1. If this is your first time on BYC, we suggest you start with one of these three options:
    Raising Chickens Chicken Coops Join BYC
    If you're already a member of our community, click here to login & click here to learn what's new!

Please help/some questions on racing homer pigeons

Discussion in 'Pigeons and Doves' started by pringle, Oct 19, 2009.

  1. pringle

    pringle Chillin' With My Peeps

    Apr 16, 2009
    Pepperell,MA
    My dad use to have pigeons when he was little and he loved them,he raced them took care of them and that got me thinking on me wanting to get a pair.I want to attach a 4by2ft box to the chicken coop up high as there house.And I would love to take them some distance and let them go and come back to there house.But I do have some questions.I plan on getting them from strombergs as adults obviously.But will they fly back to were they were raised?What if I keep them in the small coop for a week will they learn that thats there new home?What should I feed them?How are tumbler-roller pigeons like?Do you let your fly around and they return to coop at night?What would be an overall good pigeon for a begginer?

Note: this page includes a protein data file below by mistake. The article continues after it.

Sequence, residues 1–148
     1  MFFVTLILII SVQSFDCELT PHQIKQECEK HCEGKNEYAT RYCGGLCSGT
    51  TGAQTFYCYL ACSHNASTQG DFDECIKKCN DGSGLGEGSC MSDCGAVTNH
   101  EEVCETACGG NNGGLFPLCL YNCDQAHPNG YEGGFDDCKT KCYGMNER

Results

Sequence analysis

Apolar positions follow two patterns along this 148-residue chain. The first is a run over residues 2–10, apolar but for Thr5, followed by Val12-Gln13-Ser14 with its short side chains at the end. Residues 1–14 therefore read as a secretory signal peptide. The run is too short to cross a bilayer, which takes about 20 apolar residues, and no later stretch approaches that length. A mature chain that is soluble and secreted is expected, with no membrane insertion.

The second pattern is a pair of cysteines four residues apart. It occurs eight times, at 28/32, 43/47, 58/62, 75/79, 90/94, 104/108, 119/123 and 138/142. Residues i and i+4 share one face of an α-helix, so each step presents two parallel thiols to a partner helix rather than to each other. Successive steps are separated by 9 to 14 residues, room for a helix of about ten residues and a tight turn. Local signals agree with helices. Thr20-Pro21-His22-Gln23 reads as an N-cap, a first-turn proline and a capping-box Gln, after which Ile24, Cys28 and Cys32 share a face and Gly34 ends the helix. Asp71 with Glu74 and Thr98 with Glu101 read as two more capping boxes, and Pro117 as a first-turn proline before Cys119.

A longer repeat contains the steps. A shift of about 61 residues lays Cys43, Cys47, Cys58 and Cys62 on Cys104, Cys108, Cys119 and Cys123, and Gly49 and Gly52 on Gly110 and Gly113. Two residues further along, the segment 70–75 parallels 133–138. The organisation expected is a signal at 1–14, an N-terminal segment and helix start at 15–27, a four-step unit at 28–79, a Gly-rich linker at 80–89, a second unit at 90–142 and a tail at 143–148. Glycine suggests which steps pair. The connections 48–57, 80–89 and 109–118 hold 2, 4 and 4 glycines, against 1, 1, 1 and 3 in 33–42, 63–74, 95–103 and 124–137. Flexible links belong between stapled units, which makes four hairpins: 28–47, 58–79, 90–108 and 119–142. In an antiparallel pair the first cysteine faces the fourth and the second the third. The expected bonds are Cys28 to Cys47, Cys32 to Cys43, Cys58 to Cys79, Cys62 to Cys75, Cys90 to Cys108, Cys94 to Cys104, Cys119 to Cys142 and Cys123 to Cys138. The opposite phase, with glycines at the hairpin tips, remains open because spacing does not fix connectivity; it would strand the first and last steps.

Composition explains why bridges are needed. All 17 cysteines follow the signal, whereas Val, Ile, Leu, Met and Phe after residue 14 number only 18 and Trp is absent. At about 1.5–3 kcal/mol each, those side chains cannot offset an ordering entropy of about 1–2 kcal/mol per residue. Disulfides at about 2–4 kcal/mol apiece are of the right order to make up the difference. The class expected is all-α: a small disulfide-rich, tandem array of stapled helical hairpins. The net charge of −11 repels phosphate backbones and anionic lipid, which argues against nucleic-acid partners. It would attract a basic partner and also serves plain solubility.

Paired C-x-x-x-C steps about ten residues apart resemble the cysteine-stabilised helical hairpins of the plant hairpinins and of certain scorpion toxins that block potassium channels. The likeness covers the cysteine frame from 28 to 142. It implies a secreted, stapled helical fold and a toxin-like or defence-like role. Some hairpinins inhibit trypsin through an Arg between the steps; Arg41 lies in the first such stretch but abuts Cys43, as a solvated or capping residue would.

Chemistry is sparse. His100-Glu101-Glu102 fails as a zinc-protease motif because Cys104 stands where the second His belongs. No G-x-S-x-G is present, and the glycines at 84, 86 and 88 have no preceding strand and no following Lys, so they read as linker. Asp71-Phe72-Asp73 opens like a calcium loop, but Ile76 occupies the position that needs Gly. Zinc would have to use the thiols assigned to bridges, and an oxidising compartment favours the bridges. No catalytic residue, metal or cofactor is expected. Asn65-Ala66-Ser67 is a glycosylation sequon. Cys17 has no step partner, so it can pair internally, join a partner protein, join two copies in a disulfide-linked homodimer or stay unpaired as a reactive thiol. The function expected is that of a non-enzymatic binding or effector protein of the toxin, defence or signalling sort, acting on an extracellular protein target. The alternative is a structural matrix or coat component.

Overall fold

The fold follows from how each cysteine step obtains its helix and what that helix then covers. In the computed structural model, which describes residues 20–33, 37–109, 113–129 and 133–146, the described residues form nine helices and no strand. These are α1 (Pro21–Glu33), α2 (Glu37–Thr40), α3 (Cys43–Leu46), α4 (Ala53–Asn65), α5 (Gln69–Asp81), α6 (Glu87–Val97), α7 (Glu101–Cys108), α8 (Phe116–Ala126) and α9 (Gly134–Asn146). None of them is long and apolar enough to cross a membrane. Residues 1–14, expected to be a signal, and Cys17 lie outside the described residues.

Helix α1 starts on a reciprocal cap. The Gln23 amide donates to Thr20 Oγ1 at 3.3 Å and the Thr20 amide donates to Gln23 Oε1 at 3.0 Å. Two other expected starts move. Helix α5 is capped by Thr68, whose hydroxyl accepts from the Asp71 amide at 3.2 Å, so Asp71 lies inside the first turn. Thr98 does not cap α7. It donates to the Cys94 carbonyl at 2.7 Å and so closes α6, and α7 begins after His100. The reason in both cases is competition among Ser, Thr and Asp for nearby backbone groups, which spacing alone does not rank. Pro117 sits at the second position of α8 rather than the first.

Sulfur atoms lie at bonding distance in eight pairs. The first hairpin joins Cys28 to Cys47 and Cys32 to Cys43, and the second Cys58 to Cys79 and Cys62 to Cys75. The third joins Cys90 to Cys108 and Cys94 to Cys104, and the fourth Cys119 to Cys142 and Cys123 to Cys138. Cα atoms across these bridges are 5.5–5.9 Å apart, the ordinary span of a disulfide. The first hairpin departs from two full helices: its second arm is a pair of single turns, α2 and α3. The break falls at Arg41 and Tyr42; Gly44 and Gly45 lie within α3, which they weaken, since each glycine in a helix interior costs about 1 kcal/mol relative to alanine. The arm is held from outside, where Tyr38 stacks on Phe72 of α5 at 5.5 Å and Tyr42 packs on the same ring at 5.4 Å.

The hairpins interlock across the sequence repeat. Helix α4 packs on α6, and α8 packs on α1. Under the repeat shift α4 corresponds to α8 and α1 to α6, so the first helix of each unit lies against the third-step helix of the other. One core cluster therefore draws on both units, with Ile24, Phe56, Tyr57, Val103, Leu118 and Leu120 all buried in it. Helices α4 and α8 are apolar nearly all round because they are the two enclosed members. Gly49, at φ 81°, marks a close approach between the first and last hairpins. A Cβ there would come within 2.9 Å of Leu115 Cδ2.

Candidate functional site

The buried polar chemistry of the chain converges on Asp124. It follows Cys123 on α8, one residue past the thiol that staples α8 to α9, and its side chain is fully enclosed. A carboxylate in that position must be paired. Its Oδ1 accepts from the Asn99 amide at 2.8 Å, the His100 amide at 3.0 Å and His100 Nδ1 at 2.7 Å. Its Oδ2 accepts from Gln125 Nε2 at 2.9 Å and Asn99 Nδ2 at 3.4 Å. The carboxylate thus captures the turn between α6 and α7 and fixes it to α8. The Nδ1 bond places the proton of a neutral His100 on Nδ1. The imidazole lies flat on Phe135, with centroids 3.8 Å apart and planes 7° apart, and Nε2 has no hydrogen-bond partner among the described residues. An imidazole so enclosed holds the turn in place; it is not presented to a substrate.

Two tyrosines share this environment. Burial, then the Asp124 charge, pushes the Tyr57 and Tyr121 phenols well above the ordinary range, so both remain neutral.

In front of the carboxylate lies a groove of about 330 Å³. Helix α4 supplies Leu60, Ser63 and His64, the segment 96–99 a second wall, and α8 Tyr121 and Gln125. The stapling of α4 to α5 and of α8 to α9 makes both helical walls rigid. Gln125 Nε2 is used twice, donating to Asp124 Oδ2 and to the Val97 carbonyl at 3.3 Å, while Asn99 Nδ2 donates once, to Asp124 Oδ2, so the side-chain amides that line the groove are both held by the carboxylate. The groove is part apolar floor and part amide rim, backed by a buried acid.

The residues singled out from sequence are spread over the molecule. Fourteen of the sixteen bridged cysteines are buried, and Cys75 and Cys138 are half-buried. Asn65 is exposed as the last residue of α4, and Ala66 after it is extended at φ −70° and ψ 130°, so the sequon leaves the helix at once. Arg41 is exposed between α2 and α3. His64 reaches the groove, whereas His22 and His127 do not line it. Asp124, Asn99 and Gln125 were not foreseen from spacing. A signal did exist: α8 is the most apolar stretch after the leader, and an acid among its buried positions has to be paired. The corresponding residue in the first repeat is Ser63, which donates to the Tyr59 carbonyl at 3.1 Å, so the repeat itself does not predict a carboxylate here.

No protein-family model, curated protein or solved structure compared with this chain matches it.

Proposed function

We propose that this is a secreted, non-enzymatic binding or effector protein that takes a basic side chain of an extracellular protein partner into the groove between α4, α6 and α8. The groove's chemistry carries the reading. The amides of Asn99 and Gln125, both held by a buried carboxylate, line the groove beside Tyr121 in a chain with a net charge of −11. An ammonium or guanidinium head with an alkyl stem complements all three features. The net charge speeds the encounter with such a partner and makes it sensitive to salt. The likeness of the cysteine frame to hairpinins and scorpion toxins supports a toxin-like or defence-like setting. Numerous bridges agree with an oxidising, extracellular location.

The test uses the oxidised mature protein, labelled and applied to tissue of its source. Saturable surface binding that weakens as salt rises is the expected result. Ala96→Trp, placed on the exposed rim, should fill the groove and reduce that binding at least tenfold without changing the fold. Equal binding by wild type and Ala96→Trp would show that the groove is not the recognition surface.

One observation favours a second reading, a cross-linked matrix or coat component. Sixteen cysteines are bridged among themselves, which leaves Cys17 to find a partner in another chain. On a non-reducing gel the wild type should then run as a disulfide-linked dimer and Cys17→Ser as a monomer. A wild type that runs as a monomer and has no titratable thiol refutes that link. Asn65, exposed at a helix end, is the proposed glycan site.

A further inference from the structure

2. pringle

    pringle Chillin' With My Peeps

    Apr 16, 2009
    Pepperell,MA
    anyone?
     
  3. chickensioux

    chickensioux Chillin' With My Peeps

    4,229
    20
    241
    Feb 12, 2009
    Western North Carolina